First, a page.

HC Deb 22 November 1917 vol 99 cc1370-1W

asked the Under-Secretary of State for War whether, in view of the fact that the Review of Exceptions Act was passed with the definite object of reviewing the cases of some 6,000 men, the cases of these men have now all been considered; and whether he can hold out a prospect of introducing a Bill with a view to either restricting or repealing the provisions of this Act?


My hon. Friend has asked me to reply.

I am not aware that the Review of Exceptions Act was passed with the object stated in the question. When the Bill was. introduced it was stated in this House that it would enable the military authorities to. deal with 1,000,000 men, and that it was. estimated that 100,000 recruits would be so. obtained. At a later stage in the Debate certain classes of men were withdrawn. from the operation of the Bill, and a substituted estimate was given that the men available for re-examination would. exceed 500,000, and the number to be obtained for military service would be-from 50,000 to 60,000.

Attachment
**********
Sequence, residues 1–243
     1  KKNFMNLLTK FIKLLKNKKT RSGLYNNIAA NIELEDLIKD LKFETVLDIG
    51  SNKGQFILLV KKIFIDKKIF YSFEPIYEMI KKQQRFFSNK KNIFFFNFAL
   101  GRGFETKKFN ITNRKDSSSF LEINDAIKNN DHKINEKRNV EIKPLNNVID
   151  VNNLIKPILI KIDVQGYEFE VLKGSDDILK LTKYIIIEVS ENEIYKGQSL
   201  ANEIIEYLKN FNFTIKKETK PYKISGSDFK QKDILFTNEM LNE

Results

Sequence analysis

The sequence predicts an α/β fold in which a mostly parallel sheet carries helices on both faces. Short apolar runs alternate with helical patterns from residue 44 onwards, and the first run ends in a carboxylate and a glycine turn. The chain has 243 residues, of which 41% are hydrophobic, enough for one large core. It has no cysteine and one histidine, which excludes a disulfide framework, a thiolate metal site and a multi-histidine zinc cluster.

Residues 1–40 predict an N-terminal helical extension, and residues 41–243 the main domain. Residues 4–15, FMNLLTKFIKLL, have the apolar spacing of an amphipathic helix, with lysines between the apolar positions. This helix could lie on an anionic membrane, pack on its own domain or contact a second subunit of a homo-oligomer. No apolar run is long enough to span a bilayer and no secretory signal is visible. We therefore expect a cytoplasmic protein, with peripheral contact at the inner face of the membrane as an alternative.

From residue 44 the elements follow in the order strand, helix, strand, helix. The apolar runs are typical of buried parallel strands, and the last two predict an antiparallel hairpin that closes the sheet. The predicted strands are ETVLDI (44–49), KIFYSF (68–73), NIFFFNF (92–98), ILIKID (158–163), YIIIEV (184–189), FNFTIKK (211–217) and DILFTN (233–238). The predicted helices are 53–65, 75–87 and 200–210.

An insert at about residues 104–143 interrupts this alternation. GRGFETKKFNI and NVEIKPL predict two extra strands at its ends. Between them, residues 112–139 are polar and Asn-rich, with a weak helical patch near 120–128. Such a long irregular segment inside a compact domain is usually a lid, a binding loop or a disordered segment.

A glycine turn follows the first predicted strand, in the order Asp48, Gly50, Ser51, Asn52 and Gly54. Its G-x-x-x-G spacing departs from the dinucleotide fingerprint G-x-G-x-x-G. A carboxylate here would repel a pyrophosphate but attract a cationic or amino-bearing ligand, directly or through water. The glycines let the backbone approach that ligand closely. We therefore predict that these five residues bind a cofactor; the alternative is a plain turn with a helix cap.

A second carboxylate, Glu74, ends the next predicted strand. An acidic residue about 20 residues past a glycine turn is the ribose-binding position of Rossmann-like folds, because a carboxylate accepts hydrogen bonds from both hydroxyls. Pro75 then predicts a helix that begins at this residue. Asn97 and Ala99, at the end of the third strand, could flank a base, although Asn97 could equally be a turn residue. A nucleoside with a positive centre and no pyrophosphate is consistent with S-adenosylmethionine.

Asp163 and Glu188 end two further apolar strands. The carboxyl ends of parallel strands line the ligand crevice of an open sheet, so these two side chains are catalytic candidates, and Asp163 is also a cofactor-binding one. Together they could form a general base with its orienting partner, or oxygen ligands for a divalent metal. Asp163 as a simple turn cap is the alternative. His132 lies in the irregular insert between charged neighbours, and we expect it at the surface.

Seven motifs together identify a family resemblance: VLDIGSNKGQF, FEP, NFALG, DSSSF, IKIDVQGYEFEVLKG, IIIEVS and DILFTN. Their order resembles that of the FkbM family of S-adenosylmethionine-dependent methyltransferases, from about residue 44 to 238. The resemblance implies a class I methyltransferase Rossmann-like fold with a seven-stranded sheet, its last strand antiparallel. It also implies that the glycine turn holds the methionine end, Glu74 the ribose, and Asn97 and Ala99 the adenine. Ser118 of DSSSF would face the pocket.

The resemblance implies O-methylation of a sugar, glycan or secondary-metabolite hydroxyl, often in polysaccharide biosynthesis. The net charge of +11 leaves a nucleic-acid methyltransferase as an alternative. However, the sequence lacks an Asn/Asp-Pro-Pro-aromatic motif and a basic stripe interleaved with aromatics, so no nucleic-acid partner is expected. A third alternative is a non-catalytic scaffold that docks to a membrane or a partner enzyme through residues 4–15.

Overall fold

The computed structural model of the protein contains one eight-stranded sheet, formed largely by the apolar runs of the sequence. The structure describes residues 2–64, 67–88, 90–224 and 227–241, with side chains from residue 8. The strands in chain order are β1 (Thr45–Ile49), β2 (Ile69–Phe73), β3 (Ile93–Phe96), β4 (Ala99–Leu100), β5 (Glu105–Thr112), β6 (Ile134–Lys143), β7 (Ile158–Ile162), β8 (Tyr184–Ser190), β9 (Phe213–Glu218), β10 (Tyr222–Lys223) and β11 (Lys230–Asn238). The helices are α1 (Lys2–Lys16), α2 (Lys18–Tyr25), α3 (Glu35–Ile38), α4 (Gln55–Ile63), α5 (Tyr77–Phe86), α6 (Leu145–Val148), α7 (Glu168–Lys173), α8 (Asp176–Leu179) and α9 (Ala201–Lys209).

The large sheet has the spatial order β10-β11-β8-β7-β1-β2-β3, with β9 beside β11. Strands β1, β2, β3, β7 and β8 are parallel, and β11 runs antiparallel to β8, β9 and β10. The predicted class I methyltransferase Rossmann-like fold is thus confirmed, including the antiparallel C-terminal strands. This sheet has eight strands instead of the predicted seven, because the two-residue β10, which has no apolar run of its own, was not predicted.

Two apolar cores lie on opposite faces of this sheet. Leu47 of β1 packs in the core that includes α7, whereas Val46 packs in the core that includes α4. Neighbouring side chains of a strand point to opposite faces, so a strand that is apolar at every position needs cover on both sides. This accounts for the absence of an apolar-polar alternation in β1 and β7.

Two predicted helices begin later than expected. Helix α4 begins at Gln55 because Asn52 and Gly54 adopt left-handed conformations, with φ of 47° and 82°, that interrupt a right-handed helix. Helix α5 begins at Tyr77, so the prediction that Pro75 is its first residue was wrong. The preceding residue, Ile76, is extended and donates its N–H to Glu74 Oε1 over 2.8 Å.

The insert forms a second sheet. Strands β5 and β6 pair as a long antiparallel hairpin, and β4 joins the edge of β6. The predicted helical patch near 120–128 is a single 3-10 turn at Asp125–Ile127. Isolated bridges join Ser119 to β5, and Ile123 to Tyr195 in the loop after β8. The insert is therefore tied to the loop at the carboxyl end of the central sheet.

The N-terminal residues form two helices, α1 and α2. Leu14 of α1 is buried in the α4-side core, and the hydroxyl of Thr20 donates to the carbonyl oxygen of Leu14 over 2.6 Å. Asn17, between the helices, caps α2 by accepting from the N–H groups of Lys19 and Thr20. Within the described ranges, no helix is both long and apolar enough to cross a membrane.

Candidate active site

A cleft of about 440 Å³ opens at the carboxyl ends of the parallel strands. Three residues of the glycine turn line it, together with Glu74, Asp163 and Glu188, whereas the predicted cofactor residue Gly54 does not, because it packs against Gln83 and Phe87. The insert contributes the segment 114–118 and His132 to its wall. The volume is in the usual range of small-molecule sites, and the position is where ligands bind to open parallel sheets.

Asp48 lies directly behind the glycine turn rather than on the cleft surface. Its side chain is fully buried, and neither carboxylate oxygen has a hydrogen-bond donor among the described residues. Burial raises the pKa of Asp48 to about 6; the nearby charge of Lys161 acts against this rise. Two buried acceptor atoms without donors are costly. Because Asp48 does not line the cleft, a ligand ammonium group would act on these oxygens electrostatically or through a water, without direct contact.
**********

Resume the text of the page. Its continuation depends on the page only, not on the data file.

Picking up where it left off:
The men liable for re-examination under the Act have not yet, in fact, all been reexamined. The operation of the Act has been restricted by the concession under which its provisions are not, in fact, enforced where a man to whom a notice has been sent shows that he is a man who has served overseas in the armed forces of the Crown and has been discharged on grounds of health. Moreover, there has: been organised refusal to furnish particulars or to attend for medical examination, as required by the Act, on the part of certain men to whom notices have been sent. I have been in communication with the Public Prosecutor on this question, and legal proceedings are about to be taken to deal with such resistance to the Act.

In other respects the Act remains a necessary part of the military service machinery, and it is not proposed to introduce a Bill to repeal it or to restrict its operation.